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What are quantity limits for prescription drugs?

The idea behind quantity limits is to keep patients safe and make sure drugs are used correctly

Sometimes, when visiting the pharmacy to pick up prescribed medicine, the full amount recommended by the doctor might not be received. This can happen because of something called quantity limits. These are rules set up by insurance companies and regulatory agencies to control how much of a certain medication is given out at a specific time. The goal of quantity limits is to make sure that prescription drugs, especially those that could be misused or cause an overdose (like controlled substances), are used properly and safely.

Quantity limits for prescription drugs can be frustrating for patients who need to manage their health. But these limits are there for safety reasons and to prevent the misuse of drugs. These limits are set using advice from the Food and Drug Administration (FDA) and the drug makers’ suggestions. In some situations, doctors may have to talk with insurance companies to get permission for higher amounts of certain drugs. 

Read on to learn more about quantity limits and their potential impact on treatment.

What do quantity limits mean for prescriptions?

Quantity limits refer to the highest amount of a prescription drug that an insurance plan will cover over a specific period of time. These limits are set by insurance companies or pharmacy benefit managers (PBMs) to make sure medications are dosed correctly, reduce costs, and reduce the risk of overuse or potential side effects.

For example, if a doctor prescribes a medication for 30 days, but the insurance has a quantity limit of 15 days for that medication, the insurance will only pay for a 15-day supply of pills. One would need to pay out-of-pocket for the remaining supply.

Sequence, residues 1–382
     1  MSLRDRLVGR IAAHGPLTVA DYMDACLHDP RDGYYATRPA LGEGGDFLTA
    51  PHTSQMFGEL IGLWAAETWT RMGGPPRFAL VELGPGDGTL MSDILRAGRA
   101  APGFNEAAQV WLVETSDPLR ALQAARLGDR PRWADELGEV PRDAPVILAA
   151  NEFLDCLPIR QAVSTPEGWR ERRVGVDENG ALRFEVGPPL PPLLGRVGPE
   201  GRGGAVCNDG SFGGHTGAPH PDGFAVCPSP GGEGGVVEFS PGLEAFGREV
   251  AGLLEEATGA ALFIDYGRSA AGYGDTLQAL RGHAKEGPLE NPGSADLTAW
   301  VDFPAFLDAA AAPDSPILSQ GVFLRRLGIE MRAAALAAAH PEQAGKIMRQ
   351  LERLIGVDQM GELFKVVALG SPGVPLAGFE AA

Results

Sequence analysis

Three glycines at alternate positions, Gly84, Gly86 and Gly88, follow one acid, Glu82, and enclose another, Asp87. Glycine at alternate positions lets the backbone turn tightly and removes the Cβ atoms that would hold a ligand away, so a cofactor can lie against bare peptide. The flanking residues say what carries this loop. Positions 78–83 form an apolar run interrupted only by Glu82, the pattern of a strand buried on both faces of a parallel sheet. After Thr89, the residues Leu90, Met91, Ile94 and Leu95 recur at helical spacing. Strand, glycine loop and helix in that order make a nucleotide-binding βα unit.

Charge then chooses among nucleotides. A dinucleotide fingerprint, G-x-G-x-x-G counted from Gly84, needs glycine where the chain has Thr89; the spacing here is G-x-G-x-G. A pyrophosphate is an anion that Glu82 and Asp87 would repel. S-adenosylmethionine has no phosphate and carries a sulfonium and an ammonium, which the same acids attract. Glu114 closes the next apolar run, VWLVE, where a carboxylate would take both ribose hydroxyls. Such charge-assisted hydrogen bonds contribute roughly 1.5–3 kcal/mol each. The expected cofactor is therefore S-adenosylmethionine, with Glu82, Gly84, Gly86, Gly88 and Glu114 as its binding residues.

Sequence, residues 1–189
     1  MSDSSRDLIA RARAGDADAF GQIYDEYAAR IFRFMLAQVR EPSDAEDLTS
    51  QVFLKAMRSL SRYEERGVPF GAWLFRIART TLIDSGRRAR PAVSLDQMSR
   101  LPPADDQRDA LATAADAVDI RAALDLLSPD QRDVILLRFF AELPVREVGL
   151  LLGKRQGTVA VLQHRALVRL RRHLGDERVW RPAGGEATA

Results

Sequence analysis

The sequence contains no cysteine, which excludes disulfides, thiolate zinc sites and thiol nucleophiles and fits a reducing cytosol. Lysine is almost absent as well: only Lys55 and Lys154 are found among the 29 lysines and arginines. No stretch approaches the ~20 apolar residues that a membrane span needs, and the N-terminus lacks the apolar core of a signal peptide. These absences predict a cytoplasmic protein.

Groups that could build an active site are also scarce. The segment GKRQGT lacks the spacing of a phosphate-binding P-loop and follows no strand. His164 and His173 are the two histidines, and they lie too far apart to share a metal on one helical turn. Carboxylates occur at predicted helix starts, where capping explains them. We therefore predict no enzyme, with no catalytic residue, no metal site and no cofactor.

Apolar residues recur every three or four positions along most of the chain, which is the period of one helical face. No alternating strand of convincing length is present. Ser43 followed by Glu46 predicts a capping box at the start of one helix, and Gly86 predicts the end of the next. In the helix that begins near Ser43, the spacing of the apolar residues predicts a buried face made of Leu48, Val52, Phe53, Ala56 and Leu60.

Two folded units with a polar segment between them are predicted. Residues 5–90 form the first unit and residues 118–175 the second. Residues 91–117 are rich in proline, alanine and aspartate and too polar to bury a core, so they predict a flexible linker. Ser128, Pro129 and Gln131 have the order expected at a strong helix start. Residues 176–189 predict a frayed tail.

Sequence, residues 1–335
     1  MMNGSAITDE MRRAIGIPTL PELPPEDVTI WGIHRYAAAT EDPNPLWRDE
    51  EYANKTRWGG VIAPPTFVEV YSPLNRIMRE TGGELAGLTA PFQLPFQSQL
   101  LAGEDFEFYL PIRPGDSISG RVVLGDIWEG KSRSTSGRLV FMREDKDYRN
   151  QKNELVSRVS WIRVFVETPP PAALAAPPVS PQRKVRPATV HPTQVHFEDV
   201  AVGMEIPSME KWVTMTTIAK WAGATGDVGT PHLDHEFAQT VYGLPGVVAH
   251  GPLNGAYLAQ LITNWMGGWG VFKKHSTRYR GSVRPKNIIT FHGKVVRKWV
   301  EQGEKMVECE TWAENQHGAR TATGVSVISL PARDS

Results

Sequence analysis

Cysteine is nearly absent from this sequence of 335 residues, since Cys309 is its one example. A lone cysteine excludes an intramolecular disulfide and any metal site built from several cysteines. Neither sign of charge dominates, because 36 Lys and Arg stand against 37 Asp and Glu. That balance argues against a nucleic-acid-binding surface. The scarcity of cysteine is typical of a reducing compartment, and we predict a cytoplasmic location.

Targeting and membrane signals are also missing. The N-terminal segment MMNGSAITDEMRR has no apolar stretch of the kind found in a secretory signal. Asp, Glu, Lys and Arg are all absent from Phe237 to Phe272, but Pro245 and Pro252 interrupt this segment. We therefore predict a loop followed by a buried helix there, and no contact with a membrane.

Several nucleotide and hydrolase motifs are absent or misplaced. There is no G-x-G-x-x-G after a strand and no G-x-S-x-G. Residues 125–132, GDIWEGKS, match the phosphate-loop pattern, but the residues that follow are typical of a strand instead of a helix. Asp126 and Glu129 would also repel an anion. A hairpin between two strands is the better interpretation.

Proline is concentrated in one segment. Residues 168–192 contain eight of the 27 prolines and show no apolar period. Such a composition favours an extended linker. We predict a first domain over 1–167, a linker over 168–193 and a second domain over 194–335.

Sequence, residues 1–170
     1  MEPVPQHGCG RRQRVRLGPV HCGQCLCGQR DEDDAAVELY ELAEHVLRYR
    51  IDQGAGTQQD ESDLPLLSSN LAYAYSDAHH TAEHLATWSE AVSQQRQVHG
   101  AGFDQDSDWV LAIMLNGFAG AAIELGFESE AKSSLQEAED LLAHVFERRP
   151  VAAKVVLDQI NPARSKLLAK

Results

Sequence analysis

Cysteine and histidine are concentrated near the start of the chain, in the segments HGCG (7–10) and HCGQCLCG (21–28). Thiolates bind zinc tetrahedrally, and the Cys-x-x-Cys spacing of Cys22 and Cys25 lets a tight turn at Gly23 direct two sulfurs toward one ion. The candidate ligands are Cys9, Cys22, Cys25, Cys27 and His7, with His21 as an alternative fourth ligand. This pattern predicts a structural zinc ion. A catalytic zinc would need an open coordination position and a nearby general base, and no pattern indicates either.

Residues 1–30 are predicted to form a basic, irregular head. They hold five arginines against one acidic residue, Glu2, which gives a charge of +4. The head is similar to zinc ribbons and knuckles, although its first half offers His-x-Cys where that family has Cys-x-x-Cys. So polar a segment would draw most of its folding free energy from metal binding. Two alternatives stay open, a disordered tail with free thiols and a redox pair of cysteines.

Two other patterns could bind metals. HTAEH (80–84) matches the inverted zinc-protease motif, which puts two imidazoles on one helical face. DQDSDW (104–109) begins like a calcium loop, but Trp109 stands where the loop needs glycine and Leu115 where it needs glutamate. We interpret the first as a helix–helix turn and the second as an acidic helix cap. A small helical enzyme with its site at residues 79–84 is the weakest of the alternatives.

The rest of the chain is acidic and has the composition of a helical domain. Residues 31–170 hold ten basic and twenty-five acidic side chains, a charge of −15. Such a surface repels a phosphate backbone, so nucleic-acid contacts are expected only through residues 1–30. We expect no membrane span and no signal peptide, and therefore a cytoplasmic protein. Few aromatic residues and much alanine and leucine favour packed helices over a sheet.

The idea behind quantity limits is keeping patients safe and ensuring drugs are used correctly. Limits may prevent people from using too much medicine and ensure they follow the right dose. It may also prevent the misuse of drugs and oversupply, which could lead to wasting medicine or causing harm. The rules for quantity limits can change depending on location or specific insurance plan.

Which insurance plans use quantity limits?

Commercial health plans, such as those offered by private insurance companies, often have quantity limits that depend on the type of medication, local laws, and the insurance company’s own policies. Similarly, Medicare plans and Medicare Advantage plans also enforce quantity limits. In addition, state-funded health insurance programs like Medicaid, as well as the Department of Veterans Affairs (VA) health plans, may also have quantity limits to manage prescription drug usage and costs.

Quantity limits can change anytime, even between refills of the same medication. This is due to factors such as updates to healthcare guidelines and changes in drug formularies. It may be necessary to keep an eye on the insurance plan regularly to stay informed about any changes to prescription drug coverage, including quantity limits.

There are other ways insurance companies manage drug benefits, too. These include prior authorization and step therapy. Prior authorization means approval from the insurance company is required before they cover a certain medication. Step therapy involves first trying a cheaper or less recommended drug before moving on to a more costly or less recommended one.